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Quentin Tarantino Clarifies Police Comments: ‘I’m Not a Cop Hater’

“Just because I went to an anti-police brutality protest doesn’t mean I’m anti-police,” filmmaker says

As more police unions nationwide joined the boycott against Quentin Tarantino after the filmmaker spoke at RiseUpOctober’s anti-police brutality rally on October 20th, Tarantino appeared on All In With Chris Hayes to clarify his remarks. “I’m not a cop hater,” Tarantino said after being labeled as such by police unions across the country. “Anybody who acknowledges that there’s a problem in law enforcement in this country right now is considered by law enforcement as part of the problem, whether that be me, whether that be [New York mayor] Bill de Blasio, whether that be President Barack Obama.”

At the rally, Tarantino called some police officers “murderers,” and while he stood by the crux of those comments, he fine-tuned his rationale on MSNBC. “We were at a rally where unarmed people – mostly black and brown – who have been shot and killed or beaten or strangled by the police, and I was obviously referring to the people in those types of situations. I was referring to Eric Garner, I was referring to Sam DuBose, I was referring to Antonio Guzman Lopez, I was referring to Tamir Rice,” the director said. “In those cases in particular that we’re talking about, I actually do believe that they were murder.”

Tarantino admitted he was alarmed by the backlash from his rally comments. “I was surprised. I was under the impression I was American and had First Amendment rights and there was no problem with me going to an anti-police brutality protest and speaking my mind,” Tarantino said of the police outcry. “Just because I went to an anti-police brutality protest doesn’t mean I’m anti-police.”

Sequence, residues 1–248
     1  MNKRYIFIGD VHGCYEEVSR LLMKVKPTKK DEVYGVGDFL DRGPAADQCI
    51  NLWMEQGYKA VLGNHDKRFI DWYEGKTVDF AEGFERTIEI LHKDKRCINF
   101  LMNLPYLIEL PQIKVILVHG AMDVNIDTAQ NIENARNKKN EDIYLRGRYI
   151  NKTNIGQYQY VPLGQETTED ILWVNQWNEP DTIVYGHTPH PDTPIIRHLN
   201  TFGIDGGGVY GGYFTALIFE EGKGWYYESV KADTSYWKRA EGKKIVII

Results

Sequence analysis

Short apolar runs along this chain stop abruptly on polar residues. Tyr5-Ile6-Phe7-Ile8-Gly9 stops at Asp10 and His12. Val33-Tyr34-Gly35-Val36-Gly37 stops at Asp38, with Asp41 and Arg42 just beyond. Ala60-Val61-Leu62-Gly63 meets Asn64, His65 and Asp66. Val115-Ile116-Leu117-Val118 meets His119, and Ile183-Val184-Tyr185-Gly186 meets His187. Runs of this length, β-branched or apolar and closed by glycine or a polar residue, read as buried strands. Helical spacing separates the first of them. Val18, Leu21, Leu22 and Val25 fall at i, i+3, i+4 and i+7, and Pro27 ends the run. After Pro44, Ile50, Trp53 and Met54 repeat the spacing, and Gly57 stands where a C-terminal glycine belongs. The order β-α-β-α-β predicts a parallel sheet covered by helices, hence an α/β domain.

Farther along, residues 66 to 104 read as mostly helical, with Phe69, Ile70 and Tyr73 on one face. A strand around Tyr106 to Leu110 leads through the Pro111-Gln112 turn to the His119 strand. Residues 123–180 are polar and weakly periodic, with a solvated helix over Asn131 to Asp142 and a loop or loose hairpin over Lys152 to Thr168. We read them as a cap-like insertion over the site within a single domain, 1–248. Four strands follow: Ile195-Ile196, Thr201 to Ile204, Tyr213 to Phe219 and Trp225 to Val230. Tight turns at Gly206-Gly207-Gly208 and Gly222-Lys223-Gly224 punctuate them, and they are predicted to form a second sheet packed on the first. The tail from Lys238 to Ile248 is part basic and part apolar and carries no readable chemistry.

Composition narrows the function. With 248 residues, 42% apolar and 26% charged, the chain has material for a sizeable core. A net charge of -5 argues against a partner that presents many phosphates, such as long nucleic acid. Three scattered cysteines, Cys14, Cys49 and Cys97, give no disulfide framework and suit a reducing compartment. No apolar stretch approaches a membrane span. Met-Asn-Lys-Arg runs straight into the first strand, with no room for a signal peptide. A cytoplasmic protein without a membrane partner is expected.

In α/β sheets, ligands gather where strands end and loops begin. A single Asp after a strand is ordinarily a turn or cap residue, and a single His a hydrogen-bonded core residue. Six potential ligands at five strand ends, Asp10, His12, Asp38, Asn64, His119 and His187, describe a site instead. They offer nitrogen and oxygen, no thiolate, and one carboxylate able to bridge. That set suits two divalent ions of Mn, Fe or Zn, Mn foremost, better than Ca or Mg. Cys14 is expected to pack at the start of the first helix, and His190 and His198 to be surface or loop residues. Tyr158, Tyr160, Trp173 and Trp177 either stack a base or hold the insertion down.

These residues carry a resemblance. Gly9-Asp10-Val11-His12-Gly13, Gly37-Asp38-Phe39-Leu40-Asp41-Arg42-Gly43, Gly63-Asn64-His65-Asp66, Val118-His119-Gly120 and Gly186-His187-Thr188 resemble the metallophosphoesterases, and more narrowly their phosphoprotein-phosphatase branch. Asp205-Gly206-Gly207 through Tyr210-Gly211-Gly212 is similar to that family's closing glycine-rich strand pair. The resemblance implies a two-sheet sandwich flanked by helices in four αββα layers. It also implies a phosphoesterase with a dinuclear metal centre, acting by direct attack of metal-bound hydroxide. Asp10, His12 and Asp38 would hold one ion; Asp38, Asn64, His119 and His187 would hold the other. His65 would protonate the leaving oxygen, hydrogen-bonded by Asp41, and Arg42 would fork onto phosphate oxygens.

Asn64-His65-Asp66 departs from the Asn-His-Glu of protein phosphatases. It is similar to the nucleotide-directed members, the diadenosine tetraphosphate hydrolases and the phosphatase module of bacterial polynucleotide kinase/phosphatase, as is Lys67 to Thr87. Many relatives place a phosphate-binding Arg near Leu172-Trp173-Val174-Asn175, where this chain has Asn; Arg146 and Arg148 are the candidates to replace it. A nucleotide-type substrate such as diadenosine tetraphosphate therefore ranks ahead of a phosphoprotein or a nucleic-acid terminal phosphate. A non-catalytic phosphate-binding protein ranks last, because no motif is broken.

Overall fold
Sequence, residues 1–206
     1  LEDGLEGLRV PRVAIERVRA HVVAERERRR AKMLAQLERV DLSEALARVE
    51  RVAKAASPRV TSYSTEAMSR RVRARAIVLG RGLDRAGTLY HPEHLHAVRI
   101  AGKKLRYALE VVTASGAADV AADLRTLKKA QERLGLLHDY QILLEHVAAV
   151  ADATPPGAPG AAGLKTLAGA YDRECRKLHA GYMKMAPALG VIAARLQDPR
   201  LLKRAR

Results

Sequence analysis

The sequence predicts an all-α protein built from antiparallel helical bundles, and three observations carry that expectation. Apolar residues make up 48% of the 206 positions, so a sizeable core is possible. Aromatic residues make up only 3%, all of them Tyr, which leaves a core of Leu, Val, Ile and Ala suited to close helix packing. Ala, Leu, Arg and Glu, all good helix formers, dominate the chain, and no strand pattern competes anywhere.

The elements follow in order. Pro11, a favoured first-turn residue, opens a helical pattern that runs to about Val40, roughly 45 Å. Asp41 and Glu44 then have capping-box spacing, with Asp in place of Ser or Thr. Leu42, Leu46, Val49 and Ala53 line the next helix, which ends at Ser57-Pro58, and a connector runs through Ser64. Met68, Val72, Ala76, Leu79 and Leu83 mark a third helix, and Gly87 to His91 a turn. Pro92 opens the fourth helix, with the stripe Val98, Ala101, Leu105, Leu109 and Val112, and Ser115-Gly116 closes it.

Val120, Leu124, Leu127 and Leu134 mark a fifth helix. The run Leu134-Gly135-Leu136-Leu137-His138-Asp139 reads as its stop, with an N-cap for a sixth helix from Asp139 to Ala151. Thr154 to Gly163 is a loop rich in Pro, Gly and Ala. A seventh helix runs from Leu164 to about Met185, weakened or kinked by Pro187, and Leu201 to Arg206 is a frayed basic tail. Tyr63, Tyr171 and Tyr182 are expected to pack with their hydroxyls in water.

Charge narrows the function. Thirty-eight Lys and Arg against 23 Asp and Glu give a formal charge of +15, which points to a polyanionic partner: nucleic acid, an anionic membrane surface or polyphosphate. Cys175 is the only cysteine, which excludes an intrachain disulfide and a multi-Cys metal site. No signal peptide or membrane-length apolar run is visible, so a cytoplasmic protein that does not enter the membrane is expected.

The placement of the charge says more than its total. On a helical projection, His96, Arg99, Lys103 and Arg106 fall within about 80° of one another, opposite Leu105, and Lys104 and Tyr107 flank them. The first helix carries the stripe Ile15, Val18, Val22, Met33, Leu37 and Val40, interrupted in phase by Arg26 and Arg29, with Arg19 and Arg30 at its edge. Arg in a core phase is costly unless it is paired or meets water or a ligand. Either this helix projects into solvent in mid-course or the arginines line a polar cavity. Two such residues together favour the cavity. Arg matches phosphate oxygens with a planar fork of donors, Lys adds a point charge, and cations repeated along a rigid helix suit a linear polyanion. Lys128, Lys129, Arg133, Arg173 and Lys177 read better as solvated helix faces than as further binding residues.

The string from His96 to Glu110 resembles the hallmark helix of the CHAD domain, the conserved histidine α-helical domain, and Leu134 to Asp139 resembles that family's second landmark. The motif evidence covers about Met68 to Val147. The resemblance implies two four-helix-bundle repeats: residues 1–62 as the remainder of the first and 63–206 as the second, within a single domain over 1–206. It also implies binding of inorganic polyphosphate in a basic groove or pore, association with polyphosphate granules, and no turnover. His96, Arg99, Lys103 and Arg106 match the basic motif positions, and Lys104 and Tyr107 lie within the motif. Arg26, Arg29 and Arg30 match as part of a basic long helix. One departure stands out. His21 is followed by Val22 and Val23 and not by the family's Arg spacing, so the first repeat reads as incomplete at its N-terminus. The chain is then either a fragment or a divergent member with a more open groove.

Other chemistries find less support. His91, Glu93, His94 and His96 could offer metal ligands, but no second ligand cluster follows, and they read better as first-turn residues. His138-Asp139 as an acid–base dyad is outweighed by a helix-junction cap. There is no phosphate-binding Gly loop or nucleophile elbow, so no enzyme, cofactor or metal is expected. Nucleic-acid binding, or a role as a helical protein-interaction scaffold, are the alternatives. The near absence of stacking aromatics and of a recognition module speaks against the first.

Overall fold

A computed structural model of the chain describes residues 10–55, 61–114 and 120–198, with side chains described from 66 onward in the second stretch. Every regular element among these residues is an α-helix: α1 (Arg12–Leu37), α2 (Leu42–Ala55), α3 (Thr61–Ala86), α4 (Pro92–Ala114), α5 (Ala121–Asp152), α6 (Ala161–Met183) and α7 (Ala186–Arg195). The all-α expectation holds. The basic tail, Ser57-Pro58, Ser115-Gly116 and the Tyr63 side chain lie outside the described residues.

Tarantino added that instead of law enforcement tackling police brutality directly, he’s being used as a scapegoat to further avoid the issue. “There was a lot of people at that rally, and we were all crying for a lot of things, but there was one thing in particular, which was ‘Stop shooting unarmed people.’ We want justice, but stop shooting unarmed people,” Tarantino continued. “But [law enforcement] don’t want to deal with that. They would rather start arguments with celebrities than examine the concerns put before them by a citizenry that’s lost trust in them.”

In This Article: police, Quentin Tarantino

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